After John was put in prison, Jesus went into Galilee, proclaiming the good news of God. “The time has come,” he said. “The kingdom of God has come near. Repent and believe the good news!”

Mark 1:14-15

 

Close up of the king in a wooden chess set.After announcing that God’s time had finally come, Jesus focused the “good news of God” in a few words: “The kingdom of God has come near” (1:15). What did this mean? How can this be good news for us today?

When we seek God’s agenda for our lives, when we work for his purposes and glory, when we bow before him in worship and offer our daily work to him as worship, we are experiencing the kingdom of God.

 

When we hear the word “kingdom,” we tend to think of a place over which a king rules. But, in Aramaic, the primary language of Jesus, the word malku pointed not so much to the place of royal rule as to that rule itself. Where we read “kingdom” in Mark, we might substitute “rule” or “reign” or “sovereign authority.” This means when Jesus said, “The malku of God has come near,” he was pointing to the coming of God’s authority and power. He was fulfilling the role of the messenger of Isaiah 52:7: “How beautiful on the mountains are the feet of those who bring good news, who proclaim peace, who bring good tidings, who proclaim salvation, who say to Zion, ‘Your God reigns!’”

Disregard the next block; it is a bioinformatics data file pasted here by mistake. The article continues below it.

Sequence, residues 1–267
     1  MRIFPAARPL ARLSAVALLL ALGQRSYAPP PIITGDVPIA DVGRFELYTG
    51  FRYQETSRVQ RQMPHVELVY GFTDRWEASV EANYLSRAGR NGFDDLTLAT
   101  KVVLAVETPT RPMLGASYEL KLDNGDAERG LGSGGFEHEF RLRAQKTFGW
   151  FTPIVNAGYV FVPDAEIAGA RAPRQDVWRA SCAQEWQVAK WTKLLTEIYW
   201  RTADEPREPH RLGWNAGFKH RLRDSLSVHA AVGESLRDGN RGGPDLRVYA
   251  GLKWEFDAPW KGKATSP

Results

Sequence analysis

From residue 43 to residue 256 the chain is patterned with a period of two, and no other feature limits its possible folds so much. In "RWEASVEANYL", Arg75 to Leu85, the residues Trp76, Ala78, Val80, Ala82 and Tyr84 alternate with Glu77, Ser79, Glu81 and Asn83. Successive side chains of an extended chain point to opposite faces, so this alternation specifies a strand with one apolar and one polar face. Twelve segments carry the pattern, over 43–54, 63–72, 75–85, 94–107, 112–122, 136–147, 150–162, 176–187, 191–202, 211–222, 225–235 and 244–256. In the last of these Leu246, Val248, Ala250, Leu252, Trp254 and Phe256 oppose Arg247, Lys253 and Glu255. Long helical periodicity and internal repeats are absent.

Years ago, I used to think that Jesus’ announcement of the kingdom being near meant something like, “You can go to heaven after you die.” Now I realize that I had missed Jesus’ primary meaning when we spoke of the kingdom of God. Though his good news did relate to what happens after death, it also had everything to do with this life and this world. In Jesus, God was beginning to reign on earth in a new way, in fulfillment of Old Testament prophecy. Under God’s sovereign authority, righteousness would triumph over injustice and multifaceted peace would fill the earth.

Through Christ, you and I can live today under the reign of God, however incompletely. When we seek God’s agenda for our lives, when we work for his purposes and glory, when we bow before him in worship and offer our daily work to him as worship, we are experiencing the kingdom of God. God is reigning over us and making his kingdom present on earth through us.

QUESTIONS TO CONSIDER:

In what ways do you experience God’s reign in your life?

If you were intentionally living under God’s reign today at work, how might this make a difference? What might you do that you wouldn’t have done otherwise?

PRAYER:

Gracious God, what fantastic news: The kingdom of God is near! Thank you, Messiah Jesus, for being the one who not only announced the coming of God’s reign, but also inaugurated that reign through your ministry. Thank you, most of all, for opening up to me the possibility of living under God’s rule because of your life, death, and resurrection.

Help me, Lord, to live each moment as a subject of the King of kings. Guide me, empower me, and use me for your purposes. May the reality of your kingdom be real in my life each and every day. Amen.

 

Explore Theology of Work Project online Bible commentary: Mark 1:1-13.

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